Light‐dependent damage to photosynthesis in olive leaves during chilling and high temperature stress


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Abstract The leaves of olive are long lived and likely to experience both chilling and high temperature stress during their life. Changes in photosynthetic CO2 assimilation resulting from chilling and high temperature stress, in both dim and high light, are investigated. The quantum yield (φ) of photosynthesis at limiting light levels was reduced following chilling (at 5°C for 12 h), in dim light by approximately 10%, and in high light by 75%; the difference being attributed to photoinhibition. Similar reductions were observed in the light‐saturated rate of CO2 uptake (Amax). Decrease in Amax correlated with a halving of the leaf internal CO2 concentration (ci), suggesting an increased limitation by stomata following photoinhibition. Leaves were apparently more susceptible to photoinhibitory damage if the whole plant, rather than the leaf alone, was chilled. On return to 26 °C, I he photosynthetic capacity recovered to pre‐stress levels within a few hours if leaves had been chilled in high light for 8 h or less, but did not fully recover from longer periods of chilling when loss of chlorophyll occurred. Leaves which were recovering from chilling in high light showed far more damage on being chilled a second time in high light. Three hours in high light at 38 °C reduced φ by 80%, but φ recovered within 4h of return to 26 °C. Although leaves of Olive are apparently less susceptible to photoinhibitory damage during chilling stress than the short‐lived leaves of chilling‐sensitive annual? crops, the results nevertheless show that photoinhibition during temperature stress is potentially a major factor influencing the photosynthetic productivity of Olive in the field.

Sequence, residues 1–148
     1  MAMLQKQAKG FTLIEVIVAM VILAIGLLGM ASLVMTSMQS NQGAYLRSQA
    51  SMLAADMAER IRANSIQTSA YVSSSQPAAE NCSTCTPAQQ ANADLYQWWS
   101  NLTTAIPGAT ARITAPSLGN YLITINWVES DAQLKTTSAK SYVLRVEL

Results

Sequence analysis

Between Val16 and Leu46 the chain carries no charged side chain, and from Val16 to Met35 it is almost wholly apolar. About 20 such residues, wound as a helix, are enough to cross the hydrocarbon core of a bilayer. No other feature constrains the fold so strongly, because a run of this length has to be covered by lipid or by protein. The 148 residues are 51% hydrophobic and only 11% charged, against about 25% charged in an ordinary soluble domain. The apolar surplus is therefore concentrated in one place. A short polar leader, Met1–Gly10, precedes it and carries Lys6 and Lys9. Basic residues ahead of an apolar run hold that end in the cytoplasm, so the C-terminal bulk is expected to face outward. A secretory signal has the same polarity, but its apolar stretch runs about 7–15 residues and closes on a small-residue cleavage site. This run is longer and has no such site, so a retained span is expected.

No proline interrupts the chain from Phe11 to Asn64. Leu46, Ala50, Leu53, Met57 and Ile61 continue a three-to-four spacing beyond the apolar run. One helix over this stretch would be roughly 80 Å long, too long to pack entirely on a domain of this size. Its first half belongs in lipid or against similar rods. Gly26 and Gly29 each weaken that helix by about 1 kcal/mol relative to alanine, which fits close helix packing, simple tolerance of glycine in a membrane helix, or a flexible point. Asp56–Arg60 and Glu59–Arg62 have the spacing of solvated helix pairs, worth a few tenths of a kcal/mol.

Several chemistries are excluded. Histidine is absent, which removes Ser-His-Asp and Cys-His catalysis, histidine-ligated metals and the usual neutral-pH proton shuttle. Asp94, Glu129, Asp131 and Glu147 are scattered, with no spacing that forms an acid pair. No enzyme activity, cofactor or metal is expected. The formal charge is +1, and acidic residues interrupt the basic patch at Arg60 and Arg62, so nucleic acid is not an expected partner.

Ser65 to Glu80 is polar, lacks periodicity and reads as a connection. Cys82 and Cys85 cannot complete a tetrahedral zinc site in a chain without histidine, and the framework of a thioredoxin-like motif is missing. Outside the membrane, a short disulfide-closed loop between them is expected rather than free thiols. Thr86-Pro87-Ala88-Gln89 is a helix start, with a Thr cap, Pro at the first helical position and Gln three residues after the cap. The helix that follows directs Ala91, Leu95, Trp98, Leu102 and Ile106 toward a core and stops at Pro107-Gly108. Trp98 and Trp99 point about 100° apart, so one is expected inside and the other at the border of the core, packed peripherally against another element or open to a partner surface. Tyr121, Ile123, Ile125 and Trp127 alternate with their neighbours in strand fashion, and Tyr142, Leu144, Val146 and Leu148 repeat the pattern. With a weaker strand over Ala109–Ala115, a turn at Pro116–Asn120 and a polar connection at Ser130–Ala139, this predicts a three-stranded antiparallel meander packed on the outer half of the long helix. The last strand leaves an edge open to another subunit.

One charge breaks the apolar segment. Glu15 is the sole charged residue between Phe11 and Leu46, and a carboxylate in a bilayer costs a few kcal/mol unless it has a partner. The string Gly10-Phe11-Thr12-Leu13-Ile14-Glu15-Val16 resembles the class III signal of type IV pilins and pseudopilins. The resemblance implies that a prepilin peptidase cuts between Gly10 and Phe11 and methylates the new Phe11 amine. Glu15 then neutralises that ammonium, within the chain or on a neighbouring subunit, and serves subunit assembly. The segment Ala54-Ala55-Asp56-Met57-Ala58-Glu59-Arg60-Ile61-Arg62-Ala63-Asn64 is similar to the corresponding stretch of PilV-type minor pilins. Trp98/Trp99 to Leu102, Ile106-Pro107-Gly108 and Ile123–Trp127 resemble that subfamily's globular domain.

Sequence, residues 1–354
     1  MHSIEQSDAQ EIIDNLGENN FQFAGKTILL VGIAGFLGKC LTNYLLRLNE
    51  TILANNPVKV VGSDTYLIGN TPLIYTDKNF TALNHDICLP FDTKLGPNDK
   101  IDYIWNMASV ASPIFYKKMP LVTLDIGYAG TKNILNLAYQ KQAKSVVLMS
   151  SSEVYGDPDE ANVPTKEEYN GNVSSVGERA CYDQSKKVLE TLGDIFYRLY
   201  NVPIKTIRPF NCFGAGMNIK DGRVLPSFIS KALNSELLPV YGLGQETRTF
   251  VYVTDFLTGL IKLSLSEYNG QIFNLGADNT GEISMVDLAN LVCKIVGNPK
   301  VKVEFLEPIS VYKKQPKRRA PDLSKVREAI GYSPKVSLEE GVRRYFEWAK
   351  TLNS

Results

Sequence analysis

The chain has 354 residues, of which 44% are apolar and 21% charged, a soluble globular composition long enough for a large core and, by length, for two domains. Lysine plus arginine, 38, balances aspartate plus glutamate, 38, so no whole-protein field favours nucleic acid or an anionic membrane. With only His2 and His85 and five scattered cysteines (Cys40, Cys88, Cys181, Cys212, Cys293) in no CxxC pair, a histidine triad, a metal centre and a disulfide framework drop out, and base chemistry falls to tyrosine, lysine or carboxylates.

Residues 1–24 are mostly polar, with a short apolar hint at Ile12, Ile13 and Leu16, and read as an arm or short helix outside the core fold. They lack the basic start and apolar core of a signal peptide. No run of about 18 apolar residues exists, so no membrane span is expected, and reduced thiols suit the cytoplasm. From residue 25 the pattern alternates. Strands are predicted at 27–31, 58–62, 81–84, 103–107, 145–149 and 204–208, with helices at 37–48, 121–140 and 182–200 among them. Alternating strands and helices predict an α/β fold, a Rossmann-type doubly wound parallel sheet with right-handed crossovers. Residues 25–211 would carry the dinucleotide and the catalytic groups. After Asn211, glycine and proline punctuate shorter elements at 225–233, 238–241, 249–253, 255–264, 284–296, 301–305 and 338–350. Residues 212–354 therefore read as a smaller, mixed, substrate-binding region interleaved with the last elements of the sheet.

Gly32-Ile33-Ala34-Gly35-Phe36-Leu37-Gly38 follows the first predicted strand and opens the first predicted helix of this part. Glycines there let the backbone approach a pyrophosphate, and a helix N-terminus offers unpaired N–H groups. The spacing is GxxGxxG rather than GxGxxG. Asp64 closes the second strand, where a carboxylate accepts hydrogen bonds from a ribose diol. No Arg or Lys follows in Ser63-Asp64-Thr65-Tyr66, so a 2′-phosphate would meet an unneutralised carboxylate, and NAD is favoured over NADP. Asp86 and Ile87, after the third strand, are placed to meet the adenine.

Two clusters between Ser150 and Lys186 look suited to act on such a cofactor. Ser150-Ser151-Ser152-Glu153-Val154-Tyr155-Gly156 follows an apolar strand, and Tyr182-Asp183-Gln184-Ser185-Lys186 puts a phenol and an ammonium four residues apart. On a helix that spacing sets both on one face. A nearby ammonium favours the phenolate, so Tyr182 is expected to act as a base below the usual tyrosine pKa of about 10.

Original languageEnglish (US)
Pages (from-to)241-249
Number of pages9
JournalPlant, Cell & Environment
Issue number3
StatePublished - Apr 1987
Externally publishedYes


  • Oleaceae
  • chilling
  • olive
  • photoinhibition
  • photosynthesis
  • quantum yield
  • stomata
  • temperature stress

ASJC Scopus subject areas

  • Physiology
  • Plant Science


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